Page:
Seminar in Bioinformatics, Winter 2011 Network Motifs. An Introduction to Systems Biology Uri Alon Chapters 5-6 By Eliad Eini & Yasmin admon. Table of Content. Table of Content. Chapter 5. Temporal Programs and the Global Structure of Transcription Networks. A short remainder.
An Introduction to Systems Biology
Temporal Programs and the Global Structure of Transcription Networks
We have seen that transcription networks contain recurring network motifs that can perform specific dynamical functions.
We examined two of this motifs in details: auto-regulation and feed-forward loop (FFL).
In this chapter we will complete our survey of motifs in sensory transcriptional networks.
We will see that sensory transcription networks are largely made of just four families of networks: auto-regulation and FFL (we have already studied), Single Input Module (SIM) and Dense Overlapping Regulons (DORs).
As we saw in the lecture of chapters 3-4, in order to recognize a pattern as a motif, we should compare it to a random network. A random network (ER) have a degree sequence (distribution of edges per node) that is Poisson, so there are exponentially few nodes that have many more edges than the mean connectivity Thus ER networks have very few large SIMs.
The most important task of SIM is to
control a group of genes according to
the signal sensed by the master
The genes in a SIM always have a
common biological function:
For example, SIMs often regulates genes that participate in specific metabolic pathways as shown in this figure.
Other SIMs control group of genes that respond to a specific stress (DNA damage, heat shock, etc.) These genes produce proteins that repair the different forms of damage caused by the stress.
SIMs can control group of genes that together make up a protein machine (such as ribosome).
There are many examples of SIMs that regulate the same gene systems in different organisms.
The master regulator in the SIM is often different in each organism, despite the fact that the target genes are highly homologous.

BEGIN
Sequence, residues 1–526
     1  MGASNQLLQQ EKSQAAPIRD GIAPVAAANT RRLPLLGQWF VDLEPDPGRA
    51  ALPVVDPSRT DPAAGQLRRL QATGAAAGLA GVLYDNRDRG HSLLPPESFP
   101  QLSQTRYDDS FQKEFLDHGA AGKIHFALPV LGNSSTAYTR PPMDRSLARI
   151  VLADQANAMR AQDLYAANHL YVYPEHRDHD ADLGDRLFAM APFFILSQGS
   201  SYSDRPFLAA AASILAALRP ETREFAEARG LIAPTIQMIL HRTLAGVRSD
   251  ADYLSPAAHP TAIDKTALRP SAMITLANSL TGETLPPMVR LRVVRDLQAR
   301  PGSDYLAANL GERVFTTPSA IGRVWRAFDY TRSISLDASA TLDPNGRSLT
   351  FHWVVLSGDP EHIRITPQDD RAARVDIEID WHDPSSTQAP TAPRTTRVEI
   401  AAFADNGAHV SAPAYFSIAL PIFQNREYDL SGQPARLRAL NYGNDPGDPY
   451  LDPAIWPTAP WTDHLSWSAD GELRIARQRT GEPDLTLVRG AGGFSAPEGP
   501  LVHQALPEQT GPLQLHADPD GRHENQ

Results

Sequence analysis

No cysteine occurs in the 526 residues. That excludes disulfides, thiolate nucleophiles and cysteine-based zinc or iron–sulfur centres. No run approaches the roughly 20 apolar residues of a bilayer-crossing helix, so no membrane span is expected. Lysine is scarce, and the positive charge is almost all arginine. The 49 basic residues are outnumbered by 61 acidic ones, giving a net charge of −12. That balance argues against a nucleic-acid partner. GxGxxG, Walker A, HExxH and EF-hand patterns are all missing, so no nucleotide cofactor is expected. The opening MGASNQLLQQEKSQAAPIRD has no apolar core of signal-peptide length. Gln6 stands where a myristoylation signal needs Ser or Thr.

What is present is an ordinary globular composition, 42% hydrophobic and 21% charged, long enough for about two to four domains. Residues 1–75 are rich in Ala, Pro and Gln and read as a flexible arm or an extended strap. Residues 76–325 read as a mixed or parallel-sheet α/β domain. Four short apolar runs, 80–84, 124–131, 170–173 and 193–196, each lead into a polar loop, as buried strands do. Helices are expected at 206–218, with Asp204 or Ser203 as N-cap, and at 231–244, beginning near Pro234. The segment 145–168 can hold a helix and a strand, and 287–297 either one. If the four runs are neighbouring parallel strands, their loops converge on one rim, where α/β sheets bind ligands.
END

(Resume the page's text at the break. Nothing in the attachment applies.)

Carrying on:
What happened in the evolution point of view?
It means that rather than duplication of ancestral SIM to create the modern SIM, since this mechanism is useful, it was kept during generations and preserved against mutations.
It is very difficult to recognize motifs on large graphs:
Do you remember the large number of 4-nodes possible sub-graphs?
Only 2 of them were real motifs:
After we learnt about motifs, we can locate the motifs on E-coli’s network and draw it in a much simple way
Governs the fates of cells, as an egg develops into a multi-cellular organism.
We will see that these differences lead to new network motifs, that appear in Developmental transcription networks, but not in Sensory transcription networks.Network motifs in developmentalTranscription Networks
What is the difference between Sensory andDevelopmentalTranscription Networks?
Long transcription cascades and developmental timing
In developmental networks, FFLs often form parts of larger and more complex circuits.
Can we still understand the dynamics of such large circuits based on the behavior if the individual FFL?
Example - the well mapped B. subtilisSporulation network
Bacillus subtilis– single celled bacterium. When starved, it stops dividing and turns into a durable spore.
The sporulation process involves hundred of genes that are turned ON and OFF in a series of temporal waves.
The network that regulates sporulation is made of several transcription factors arranged in a linked coherent and incoherent type-1 FFLs.
To initiate the sporulation process, a starvation signal Sx activates X1
Incoherent Type-1 FFL
Coherent Type-1 FFL
The combination of FFLs in the sporulation process network results in a tree wave temporal pattern.
This design can generate finer temporal programs within each groups of genes.
The dynamics of multi-output FFLs can be understood by based on the dynamics of each of the constituent 3 node FFL.
Sense and process information from the environment, and accordingly regulate the activity of transcription factors or other effector proteins.
Signal Transduction Networks
Toy Model for protein kinase preceptrons
Multi-layer perceptrons In protein kinase cascades